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LAKEWOOD, CO-The May Department Stores Co., parent of the Foley’s department store, and World Savings Bank have sued the developer of Villa Italia, a former regional mall that will be redeveloped into the west side city’s Downtown. Officials from the city and Continuum Partners LLC say the suits filed in Denver District Court are groundless.

The May Co., in its suit, says it seeks to recover damages from Continuum’s ”willful and bad faith conduct” as owner, and the ”manipulation of an urban renewal authority’s condemnation power to accomplish an improper goal.”

It goes on to say that common areas of Villa Italia ”have been allowed to fall into a state of disrepair,” and that ”Continuum…did not continuously use and operate the mall as a shopping center with a reasonable mix of retail-oriented tenants,” and has ”disturbed the May Co.’s peaceable and quiet of enjoyment of its demised premises and associated rights, easements, appurtenances and privileges.”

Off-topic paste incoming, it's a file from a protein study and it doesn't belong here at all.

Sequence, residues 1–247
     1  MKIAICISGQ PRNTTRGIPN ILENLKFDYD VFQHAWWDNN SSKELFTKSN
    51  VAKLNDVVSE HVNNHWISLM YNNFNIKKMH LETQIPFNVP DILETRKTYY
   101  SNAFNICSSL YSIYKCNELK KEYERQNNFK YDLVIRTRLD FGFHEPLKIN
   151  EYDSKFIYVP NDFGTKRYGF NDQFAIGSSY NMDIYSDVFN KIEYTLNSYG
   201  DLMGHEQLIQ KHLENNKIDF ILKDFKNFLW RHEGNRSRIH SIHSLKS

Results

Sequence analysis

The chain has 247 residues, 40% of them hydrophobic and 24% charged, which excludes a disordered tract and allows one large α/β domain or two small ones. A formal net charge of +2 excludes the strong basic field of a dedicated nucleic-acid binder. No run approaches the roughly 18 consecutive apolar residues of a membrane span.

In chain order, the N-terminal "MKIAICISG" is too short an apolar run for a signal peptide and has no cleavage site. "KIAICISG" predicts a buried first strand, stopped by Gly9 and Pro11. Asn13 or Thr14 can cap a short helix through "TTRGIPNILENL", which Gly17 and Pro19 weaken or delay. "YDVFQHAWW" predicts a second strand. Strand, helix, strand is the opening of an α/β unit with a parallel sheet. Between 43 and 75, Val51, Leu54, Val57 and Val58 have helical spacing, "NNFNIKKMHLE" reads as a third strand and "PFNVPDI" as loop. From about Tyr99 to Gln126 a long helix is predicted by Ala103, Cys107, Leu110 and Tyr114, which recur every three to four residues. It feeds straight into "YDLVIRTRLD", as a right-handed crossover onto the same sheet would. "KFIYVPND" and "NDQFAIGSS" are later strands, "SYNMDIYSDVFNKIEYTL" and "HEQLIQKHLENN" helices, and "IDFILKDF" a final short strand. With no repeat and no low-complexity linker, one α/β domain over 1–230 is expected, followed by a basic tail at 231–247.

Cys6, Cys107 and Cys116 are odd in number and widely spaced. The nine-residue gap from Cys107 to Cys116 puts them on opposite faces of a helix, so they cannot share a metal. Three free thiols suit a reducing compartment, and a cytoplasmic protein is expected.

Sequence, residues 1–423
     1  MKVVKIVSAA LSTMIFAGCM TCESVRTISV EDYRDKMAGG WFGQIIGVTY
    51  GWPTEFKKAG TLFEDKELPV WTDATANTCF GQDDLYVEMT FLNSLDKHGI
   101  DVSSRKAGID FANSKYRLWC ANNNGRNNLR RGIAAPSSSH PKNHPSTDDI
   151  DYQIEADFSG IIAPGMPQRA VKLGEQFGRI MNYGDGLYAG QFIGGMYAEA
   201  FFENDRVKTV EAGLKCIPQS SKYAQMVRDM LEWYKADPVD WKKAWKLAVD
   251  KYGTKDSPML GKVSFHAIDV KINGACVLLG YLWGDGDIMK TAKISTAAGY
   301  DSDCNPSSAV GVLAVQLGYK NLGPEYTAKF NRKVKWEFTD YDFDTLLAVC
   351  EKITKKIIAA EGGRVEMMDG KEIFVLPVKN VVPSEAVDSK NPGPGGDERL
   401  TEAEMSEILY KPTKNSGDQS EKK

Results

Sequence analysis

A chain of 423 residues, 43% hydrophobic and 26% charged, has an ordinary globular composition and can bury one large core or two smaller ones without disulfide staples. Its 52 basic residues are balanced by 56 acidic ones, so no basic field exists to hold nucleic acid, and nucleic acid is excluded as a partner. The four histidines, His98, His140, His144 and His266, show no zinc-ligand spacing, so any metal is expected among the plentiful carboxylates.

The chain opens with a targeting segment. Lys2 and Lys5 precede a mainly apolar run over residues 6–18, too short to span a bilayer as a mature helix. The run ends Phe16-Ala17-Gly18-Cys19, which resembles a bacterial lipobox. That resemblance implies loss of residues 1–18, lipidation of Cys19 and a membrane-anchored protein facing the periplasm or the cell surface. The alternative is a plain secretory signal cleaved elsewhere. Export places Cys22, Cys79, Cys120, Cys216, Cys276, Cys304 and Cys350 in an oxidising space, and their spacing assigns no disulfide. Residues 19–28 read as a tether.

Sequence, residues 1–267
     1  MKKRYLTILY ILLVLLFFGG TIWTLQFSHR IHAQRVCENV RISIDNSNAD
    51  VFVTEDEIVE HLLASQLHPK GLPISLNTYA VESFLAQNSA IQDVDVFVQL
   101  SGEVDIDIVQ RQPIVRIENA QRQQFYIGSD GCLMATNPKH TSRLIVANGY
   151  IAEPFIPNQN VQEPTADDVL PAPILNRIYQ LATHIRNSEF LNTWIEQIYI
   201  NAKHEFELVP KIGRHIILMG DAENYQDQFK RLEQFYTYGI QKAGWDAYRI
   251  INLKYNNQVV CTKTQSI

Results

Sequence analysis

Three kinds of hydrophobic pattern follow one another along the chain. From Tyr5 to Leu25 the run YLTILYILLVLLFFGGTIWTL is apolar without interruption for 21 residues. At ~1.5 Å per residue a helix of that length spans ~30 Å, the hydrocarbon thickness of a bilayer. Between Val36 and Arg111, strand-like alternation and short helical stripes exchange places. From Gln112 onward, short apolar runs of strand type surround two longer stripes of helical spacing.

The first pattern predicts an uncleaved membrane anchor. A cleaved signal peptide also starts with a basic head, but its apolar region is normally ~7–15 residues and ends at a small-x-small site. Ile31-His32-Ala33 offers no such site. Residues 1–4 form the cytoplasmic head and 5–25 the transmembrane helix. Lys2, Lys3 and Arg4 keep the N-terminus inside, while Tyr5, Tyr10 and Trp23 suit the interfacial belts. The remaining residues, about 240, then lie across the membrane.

Tom Gougeon, a principal with Continuum, notes his company only took over the 100-acre property last spring. It’s not Continuum’s fault that more that 80% of the tenants had left as the mall is scheduled to be razed.

Gougeon says the suits are part of the May Co.’s and World Savings Bank’s attempt to cut better deals when they serve as anchors in the new development.

The attorney for May, Thomas J. Dougherty of the Denver law firm Rothgerber, Johnson & Lyons LLP, says his client instructed him to make no public comment.

But Wayne B. Schroeder, the attorney for the bank, says one must put the federal lawsuits in context with claims filed at the state court level. The state suits, he says, claim that Continuum and the Lakewood Reinvestment Authority are working together to condemn the property. That will, he says, take the improvements away from sublessors such as the bank (as well as the May Co.) to their financial detriment, while benefiting the master developer, Continuum. Schroeder is an attorney with Grimshaw & Harring PC.

Developers and government authorities working together to use the government’s power of eminent domain increasingly is a national issue that courts increasingly are looking at unfavorably.

But Gougeon says the LRA could still pick another developer for Villa Italia, despite the great deal of time and money it has invested in the project.

”In that regard, we are clearly at risk,” Gougeon tells GlobeSt.com.

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